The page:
The value of Chauncey Billups beyond the good possibility that he is in the Detroit Pistons' starting lineup for next week's opener was evidenced last week in clearing up some things for struggling rookie Kentavious Caldwell-Pope.

Billups might win the starting shooting-guard job that Caldwell-Pope eventually hopes to occupy -- that is if Billups isn't starting at point guard instead -- but his long-term value in his second and final go-round with the Pistons is in mentoring young guards.

That initially was expected to be Brandon Knight before he was traded for Brandon Jennings.

Now it's primarily Caldwell-Pope who has shot 25.5 percent from the floor (14 of 55) including 19 percent on 3-pointers (4 of 21) through five preseason games.

So Billups sat in on a video session that focused exclusively on Caldwell-Pope's minutes and shot selection.

His evaluation?

"Good shooters take good shots" Billups said. "You've got certain shots that you can make. Sometimes he's rushing things trying to get on that scoreboard so fast just rookie stuff. Like I told him 'You've proven that you won't lose your confidence but you're also proving that you're young though.' Sometimes you've got to catch it put it on the deck get to the free-throw line do other things."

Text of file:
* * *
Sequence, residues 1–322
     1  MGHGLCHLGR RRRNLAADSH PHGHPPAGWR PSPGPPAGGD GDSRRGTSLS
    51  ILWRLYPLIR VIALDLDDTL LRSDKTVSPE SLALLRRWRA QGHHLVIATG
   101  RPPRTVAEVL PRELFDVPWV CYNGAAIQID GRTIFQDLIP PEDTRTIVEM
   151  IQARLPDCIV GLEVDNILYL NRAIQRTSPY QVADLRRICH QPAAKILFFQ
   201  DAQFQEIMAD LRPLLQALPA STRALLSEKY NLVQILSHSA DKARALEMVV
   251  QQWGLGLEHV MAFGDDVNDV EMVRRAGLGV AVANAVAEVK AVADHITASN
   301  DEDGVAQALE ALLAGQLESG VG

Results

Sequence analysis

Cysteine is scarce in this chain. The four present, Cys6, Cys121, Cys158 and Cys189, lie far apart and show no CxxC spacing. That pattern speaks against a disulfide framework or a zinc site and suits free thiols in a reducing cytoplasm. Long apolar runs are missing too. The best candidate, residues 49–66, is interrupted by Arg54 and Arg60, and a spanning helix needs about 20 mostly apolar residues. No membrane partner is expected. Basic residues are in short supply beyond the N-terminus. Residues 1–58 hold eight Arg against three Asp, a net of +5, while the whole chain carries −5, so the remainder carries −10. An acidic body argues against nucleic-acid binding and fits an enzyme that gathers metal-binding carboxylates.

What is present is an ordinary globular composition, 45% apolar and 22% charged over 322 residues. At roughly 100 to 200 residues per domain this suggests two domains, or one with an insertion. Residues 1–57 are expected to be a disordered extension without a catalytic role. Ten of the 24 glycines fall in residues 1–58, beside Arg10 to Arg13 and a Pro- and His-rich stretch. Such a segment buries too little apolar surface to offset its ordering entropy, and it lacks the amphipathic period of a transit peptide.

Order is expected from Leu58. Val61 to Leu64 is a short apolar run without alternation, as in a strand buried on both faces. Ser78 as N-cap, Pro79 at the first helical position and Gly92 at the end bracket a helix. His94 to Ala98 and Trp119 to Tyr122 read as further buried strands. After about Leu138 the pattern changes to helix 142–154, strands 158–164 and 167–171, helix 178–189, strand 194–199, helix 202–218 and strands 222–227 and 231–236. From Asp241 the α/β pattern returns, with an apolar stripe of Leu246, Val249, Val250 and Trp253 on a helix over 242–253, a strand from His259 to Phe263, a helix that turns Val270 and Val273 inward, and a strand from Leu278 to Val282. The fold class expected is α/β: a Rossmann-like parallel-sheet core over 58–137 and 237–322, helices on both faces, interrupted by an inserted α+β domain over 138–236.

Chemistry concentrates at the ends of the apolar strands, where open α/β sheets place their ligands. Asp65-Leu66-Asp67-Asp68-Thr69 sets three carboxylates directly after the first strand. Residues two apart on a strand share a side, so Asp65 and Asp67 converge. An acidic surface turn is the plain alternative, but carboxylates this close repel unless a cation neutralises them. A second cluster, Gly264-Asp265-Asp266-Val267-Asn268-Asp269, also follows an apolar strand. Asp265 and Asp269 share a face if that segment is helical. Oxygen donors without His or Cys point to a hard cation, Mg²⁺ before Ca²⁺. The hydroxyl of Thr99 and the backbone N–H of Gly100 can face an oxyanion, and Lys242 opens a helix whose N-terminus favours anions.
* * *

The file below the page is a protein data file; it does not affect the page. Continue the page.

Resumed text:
Billups 37 returned to the Pistons as a free agent this year with the dual purposes of contributing as a player and finishing his career where he won a championship and was 2004 NBA Finals MVP.

He'll always be "Mr. Big Shot" but his intent as a teammate isn't to be a big shot.

"I'm not here to be the star" he said recently. "I've had my time."

The Pistons (2-3) play the last of four consecutive preseason road games tonight at Orlando (1-4).

They open their season Oct. 30 here against the Washington Wizards and with the Pistons thin in the backcourt because of injuries to Jennings and Rodney Stuckey there's a strong possibility that Caldwell-Pope is called upon to play extensively early in the season.

The Georgia rookie has impressed with his defense and athleticism prompting Billups to call him a "Tony Allen Bruce Bowen type" a favorable comparison to two recent NBA backcourt defensive whizzes.